How the U.S. Ended Up Enthralled by Unions

Megan Mcardle:

Take a look at the cost schedule for American government services, and you are likely to walk away boggled. Who are all these people working for the government? Why are they getting paid so much? And why does it seem to take so many of them to get anything done?

Look, for example, at the recent construction of the Second Avenue subway line in New York City, recently highlighted by the New York Times as “the most expensive mile of subway track on earth.” The employees singled out in that article do not work for the city, but they might as well; it is a collection of consultants, contractors and union laborers who work largely on government infrastructure projects.

In the interests of full disclosure, I should note that my father used to be the head of the trade association for the contractors who do this sort of work in New York City; my views were formed by this perspective. The current head of that association is interviewed in the Times article.

I have a slightly different perspective on why everything costs so much, which is that in New York, there is a collision of all the things that conspire to drive up costs. Other places may have eminent domain trouble, or politically influential labor unions, or somewhat challenging geography, or laws that let community groups delay work, or multiple layers of government and government review that pile up costs, or high costs of living that drive wages through the roof, or dysfunctional government bidding processes. … New York has all of these things in something close to their terminal form. It’s actually sort of a miracle that anything ever gets built there, or that it costs less than “all the money in the world, plus 50 cents.”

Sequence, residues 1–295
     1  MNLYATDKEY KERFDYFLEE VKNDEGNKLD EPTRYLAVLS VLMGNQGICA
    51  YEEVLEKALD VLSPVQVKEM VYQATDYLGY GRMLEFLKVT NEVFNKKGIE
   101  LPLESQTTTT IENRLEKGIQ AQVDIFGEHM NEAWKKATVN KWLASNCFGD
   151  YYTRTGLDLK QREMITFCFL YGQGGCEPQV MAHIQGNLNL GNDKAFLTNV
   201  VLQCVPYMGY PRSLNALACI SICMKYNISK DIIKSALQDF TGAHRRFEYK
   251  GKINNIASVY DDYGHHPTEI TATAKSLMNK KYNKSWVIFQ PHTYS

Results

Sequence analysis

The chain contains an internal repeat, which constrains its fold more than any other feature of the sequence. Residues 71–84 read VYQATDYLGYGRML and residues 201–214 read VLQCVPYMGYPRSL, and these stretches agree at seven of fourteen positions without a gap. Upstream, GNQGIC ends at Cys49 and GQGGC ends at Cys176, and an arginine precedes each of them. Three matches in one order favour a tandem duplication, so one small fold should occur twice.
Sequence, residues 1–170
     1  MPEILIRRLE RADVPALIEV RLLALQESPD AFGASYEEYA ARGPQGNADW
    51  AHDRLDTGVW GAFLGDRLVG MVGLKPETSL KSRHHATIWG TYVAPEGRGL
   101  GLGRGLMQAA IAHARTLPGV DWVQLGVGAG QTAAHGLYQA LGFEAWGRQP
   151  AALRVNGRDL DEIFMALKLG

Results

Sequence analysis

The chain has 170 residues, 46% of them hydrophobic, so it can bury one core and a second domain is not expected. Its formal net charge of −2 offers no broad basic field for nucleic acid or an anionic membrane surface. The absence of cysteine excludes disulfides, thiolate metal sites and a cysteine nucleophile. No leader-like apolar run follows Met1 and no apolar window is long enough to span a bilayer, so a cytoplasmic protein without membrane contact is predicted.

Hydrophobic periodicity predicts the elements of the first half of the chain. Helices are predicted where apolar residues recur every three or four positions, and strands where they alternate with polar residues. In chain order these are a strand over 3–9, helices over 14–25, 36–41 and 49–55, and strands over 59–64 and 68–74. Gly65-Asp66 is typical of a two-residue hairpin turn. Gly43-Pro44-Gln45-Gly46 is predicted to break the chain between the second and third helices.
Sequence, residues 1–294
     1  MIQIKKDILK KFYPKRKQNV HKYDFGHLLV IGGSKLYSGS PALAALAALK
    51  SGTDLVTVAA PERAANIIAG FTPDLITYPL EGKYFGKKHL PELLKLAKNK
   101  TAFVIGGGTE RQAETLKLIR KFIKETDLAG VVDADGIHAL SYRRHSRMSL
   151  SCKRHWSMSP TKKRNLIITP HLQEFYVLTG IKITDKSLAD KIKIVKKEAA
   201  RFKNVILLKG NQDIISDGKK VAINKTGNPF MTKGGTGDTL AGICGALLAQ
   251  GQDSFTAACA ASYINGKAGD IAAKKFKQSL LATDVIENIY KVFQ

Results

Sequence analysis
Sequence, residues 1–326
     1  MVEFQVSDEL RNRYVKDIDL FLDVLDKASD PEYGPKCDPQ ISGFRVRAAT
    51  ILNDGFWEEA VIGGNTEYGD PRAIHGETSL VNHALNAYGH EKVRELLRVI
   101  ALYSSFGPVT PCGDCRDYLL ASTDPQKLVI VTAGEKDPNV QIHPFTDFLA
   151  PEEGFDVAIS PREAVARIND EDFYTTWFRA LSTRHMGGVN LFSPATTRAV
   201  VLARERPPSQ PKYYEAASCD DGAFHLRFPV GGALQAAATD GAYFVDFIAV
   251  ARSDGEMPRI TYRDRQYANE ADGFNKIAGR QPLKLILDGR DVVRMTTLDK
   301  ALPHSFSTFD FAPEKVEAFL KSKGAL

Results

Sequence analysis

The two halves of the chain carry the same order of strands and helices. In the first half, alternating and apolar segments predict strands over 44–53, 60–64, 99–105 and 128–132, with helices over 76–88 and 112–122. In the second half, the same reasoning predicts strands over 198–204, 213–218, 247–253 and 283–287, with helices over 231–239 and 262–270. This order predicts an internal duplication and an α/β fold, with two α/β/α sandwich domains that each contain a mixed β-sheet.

The Long-run Effects of Teacher Collective Bargaining1 .

Another link.